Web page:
Trump impeachment trial: Defense denounces trial as 'act of political vengeance'

WION Web Team
WASHINGTON Published: Feb 12, 2021, 11:28 PM(IST)

Donald Trump Photograph:( Reuters )

Story highlights

Democratic impeachment managers rested their case Thursday after two days of often emotional presentations anchored by shocking video footage of a January 6 invasion of Congress by Trump's supporters.

The advocates of former US President Donald Trump on Friday blasted the case against him as political vengeance and part of a yearlong Democratic “witch hunt.”

The lawyer opened his impeachment defense by strenuously denying he played any role in inciting the deadly riot at the US Capitol.

One of former President Donald Trump’s attorneys, Michael van der Veen, opened his impeachment defense by warning the Senate about “the precedent this case will set.”

"The article of impeachment now before the Senate is an unjust and blatantly unconstitutional act of political vengeance," attorney Michael van der Veen said.

"Like every other politically motivated witch hunt the left has engaged in over the past four years, this impeachment is completely divorced from the facts, the evidence and the interests of the American people," he said.

Also read | Convict Trump as he is overwhelmingly guilty: Prosecutors urge US Senate over Capitol attack

"The Senate should promptly and decisively vote to reject it."

Democratic impeachment managers rested their case Thursday after two days of often emotional presentations anchored by shocking video footage of a January 6 invasion of Congress by Trump's supporters.

But in a sign that they want to get to a Senate vote as quickly as possible, Trump's lawyers say they will use as little as three or four hours to state their own case, when under the rules they are allowed up to 16 hours spread across two days.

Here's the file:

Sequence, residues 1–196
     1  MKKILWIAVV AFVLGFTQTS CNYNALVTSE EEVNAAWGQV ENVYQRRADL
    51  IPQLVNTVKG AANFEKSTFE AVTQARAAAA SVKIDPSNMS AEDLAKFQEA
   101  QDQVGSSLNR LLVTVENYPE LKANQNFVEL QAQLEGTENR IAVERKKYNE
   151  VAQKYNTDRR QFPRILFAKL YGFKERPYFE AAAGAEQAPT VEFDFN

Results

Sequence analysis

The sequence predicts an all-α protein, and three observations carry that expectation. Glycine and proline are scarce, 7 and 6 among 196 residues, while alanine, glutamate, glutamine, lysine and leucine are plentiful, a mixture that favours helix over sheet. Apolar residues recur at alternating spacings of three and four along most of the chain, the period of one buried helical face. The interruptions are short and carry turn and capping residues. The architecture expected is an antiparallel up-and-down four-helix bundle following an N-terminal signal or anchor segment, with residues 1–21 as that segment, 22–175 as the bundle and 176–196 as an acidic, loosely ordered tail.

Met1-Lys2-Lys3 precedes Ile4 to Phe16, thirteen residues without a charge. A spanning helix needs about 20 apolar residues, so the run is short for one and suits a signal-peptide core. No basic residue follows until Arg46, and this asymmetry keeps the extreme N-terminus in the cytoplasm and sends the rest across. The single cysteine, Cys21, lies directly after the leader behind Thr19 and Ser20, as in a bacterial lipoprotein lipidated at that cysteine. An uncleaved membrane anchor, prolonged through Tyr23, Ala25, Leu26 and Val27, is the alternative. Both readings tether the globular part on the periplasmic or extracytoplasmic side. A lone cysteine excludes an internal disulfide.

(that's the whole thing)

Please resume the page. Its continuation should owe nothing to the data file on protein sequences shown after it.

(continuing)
The impeachment team argues that Trump deliberately stoked national tension after losing re-election to Joe Biden on November 3 with a campaign of lies claiming there had been mass voter fraud.

On January 6 he staged a fiery rally near the White House, calling on the crowd to march on Congress, which was in the process of certifying Biden's victory.

The mob then charged the Capitol building. Five people, including a police officer and a woman shot during the unrest, died as a result of the mayhem.

Impeachment managers say Trump, who has never expressed remorse for his encouragement of the violent crowd, is so dangerous he should be barred from holding office again.

But the former president's lawyers are arguing that his speech was rhetorical and that he cannot be held responsible for the mob.

They also argue that the trial itself is unconstitutional because Trump is now out of office, although the Senate rejected this claim earlier this week.

It would take a two-thirds majority to convict, meaning 17 Republicans would need to join the Senate's 50 Democrats.

This is highly unlikely.

However, if even a handful of Republicans vote to convict, it would be a historic mark against Trump, fueling civil war within his party over whether to pursue his populist, divisive vision or return to more moderate values.

"I'm just anxious to see what my Republican friends do, if they stand up," Biden said earlier at the White House.

One prominent Republican voice and potential future presidential candidate, former UN ambassador Nikki Haley, told Politico it's time to renounce Trump, saying: "We can't let that ever happen again."

(With inputs from agencies)

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